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Protect Your Eyes When Jump-Starting a Car

Protect Your Eyes When Jump-starting a Car

No one likes the idea of being stranded with a dead car battery. But many car owners don't know how to jump-start a battery safely. This lack of knowledge causes many Americans to lose their sight or suffer serious eye injuries each year in auto battery accidents, according to the group Prevent Blindness America (PBA).

All vehicle batteries contain sulfuric acid and produce hydrogen and oxygen gases. If the gases come into contact with a spark, flame, or a lit cigarette, the battery can explode, sending battery fragments and acid flying.

Motorists should be aware of basic car mechanics and jump-start procedures before they find themselves stranded. Knowing how to properly jump-start a dead battery reduces the chance of an explosion.

PBA advises you to take a few moments to read through your car owner's manual and familiarize yourself with the basic mechanics of your vehicle. Many cars are equipped with sophisticated computer systems, and jump-starting them improperly may "fry" the system.

Be prepared for battery failure by having an emergency jump-start kit in your car. The kit should include splash-proof safety goggles, jumper cables, a flashlight, and jump-start instructions.

Prevention tips:

  • Check the battery for damage--cracks, corrosive materials, and loose wires--once a month.

  • Make sure your jumper cables are rust- and corrosion-free with no exposed wires. Cables repaired with electrical tape are not safe.

  • Do not drop metallic objects on a battery. A spark can ignite the gases produced by the battery.

  • When jump-starting, inspecting, or testing your battery, never lean over the battery even if you are wearing safety goggles. The battery could explode and injure your face and body.

  • Squeezing the battery casing may cause the sulfuric acid stored inside the battery to spill through the vents. Use a battery carrier when available and always handle with extreme care.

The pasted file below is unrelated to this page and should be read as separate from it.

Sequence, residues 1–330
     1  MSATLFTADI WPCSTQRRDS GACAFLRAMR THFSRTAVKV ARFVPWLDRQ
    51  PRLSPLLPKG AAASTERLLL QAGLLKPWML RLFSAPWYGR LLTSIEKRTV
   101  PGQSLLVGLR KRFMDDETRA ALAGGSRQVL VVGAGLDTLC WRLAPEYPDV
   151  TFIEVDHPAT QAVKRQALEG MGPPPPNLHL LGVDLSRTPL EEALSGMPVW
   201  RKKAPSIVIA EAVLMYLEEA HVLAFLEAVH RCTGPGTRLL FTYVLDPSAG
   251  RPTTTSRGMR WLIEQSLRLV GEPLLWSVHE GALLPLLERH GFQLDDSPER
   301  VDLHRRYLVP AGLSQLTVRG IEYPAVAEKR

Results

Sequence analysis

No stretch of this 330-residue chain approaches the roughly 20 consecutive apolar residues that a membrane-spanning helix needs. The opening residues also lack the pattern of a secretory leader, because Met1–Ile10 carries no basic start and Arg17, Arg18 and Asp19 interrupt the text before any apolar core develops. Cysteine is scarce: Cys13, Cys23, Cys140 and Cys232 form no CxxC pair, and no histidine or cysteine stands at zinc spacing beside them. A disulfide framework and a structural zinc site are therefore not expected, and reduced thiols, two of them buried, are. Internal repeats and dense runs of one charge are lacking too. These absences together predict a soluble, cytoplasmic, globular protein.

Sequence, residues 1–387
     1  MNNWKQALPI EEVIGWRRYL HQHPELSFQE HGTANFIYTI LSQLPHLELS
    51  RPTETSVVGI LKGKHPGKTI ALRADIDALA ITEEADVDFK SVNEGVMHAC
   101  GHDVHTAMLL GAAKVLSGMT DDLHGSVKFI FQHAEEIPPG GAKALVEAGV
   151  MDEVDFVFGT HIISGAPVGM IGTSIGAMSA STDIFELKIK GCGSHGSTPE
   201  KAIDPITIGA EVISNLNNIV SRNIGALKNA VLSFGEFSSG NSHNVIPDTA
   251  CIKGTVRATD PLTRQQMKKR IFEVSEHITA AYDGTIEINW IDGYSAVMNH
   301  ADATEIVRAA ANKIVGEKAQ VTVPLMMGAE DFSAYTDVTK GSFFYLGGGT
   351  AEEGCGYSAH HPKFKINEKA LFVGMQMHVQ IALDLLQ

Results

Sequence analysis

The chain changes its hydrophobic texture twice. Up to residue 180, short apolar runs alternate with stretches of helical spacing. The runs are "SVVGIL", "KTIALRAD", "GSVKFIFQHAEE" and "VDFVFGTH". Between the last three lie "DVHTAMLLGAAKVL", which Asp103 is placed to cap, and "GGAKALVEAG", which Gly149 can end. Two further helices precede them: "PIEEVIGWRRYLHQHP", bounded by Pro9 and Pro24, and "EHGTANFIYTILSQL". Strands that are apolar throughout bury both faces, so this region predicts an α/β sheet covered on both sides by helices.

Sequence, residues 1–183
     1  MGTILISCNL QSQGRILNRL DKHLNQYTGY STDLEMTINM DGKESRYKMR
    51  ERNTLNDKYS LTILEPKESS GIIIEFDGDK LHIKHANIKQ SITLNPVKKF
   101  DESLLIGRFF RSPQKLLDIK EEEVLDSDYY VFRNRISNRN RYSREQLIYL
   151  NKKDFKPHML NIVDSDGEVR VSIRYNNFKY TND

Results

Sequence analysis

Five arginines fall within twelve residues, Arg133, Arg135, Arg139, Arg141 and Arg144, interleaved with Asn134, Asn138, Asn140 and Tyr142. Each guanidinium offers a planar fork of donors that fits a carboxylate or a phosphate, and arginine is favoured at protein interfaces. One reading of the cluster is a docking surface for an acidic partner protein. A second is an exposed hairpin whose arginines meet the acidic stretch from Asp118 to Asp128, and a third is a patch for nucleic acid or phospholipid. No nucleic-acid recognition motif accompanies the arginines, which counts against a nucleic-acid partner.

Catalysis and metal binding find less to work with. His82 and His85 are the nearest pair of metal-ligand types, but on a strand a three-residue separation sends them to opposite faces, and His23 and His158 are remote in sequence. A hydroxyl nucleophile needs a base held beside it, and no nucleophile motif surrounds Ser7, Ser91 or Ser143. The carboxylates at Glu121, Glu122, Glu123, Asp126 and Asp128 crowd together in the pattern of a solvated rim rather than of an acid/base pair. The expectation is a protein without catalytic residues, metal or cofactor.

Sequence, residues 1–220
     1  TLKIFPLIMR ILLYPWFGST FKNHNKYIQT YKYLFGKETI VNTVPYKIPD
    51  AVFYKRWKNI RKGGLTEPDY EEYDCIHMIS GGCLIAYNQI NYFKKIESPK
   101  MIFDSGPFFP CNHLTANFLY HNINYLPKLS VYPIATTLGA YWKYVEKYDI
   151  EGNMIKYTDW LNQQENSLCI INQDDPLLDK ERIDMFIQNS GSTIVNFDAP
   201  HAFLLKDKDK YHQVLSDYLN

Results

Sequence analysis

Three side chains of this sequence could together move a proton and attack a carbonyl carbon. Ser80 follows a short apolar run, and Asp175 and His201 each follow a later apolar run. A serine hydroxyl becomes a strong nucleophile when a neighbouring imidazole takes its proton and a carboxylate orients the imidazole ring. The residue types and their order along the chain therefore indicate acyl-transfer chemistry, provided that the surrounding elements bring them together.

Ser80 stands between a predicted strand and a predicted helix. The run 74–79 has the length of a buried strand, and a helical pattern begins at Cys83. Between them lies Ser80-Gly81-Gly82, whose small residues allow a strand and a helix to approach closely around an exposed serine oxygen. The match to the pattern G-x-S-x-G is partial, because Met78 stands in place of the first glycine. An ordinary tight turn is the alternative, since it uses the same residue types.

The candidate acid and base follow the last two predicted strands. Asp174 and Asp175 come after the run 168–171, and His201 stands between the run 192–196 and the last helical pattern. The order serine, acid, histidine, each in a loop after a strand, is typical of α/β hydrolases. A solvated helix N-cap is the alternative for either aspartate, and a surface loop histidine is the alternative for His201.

• Dispose of auto batteries properly. Some service stations and stores where batteries are sold will dispose of the old batteries for free or a nominal charge.

  • Call a professional if you think there may be trouble you cannot handle or if you cannot remember how to jump-start a car.

First aid for eyes:

  • Chemical burns. Flush the eye immediately with the first available "drinkable" liquid, such as water, milk, or a soft drink. Flush continuously and gently for at least 15 minutes in all cases of eye contact with chemicals. Hold the eye open as wide as possible, allowing the liquid to flow over the eye. After flushing the eye, seek immediate medical attention. Do not cover or bandage the eye. The emergency room doctor will have to waste valuable time removing the covering before treatment.

  • Contact lens wearers. Do not attempt to remove the contact lens. Begin flushing the injured eye, allowing the liquid to dislodge the lens.

  • Cuts and punctures of the eye or eyelid. Cover the eye lightly to protect the eye from excess particles and see a doctor immediately. Do not flush the eye with any liquid. Flushing may remove fluids that maintain the eye's structure and function. Do not try to remove an object stuck in the eye. You could make the damage to the eye much worse.

  • Specks in the eye. Lift the upper eyelid outward and down over the lower lid. Let tears wash out the speck or particle. If the speck does not wash out, keep the eye closed, bandage lightly, and see a doctor as soon as possible.

How to safely jump-start a car:

  • Position the car that will provide the jump-start so that its battery is as close as possible to the dead battery. The cars, however, should NOT touch. Turn off that car's engine.

  • Very carefully attach the positive (red) clamp of the jumper cables to the positive terminal (plus sign) of the charged battery.

  • Connect the other positive clamp (red) to the positive terminal (plus sign) of the dead battery.

  • Carefully attach the negative (black) clamp of the jumper cable to the negative terminal (minus sign) of the charged battery.

  • Clamp the other negative (black) cable to any shiny, unpainted metal part of the car with the dead battery. This is the ground connection.

  • Start the engine of the car with the charged battery.

  • Make sure the transmission of the car with the dead battery is in park or neutral, with the hand brake set. Try starting the car.

 
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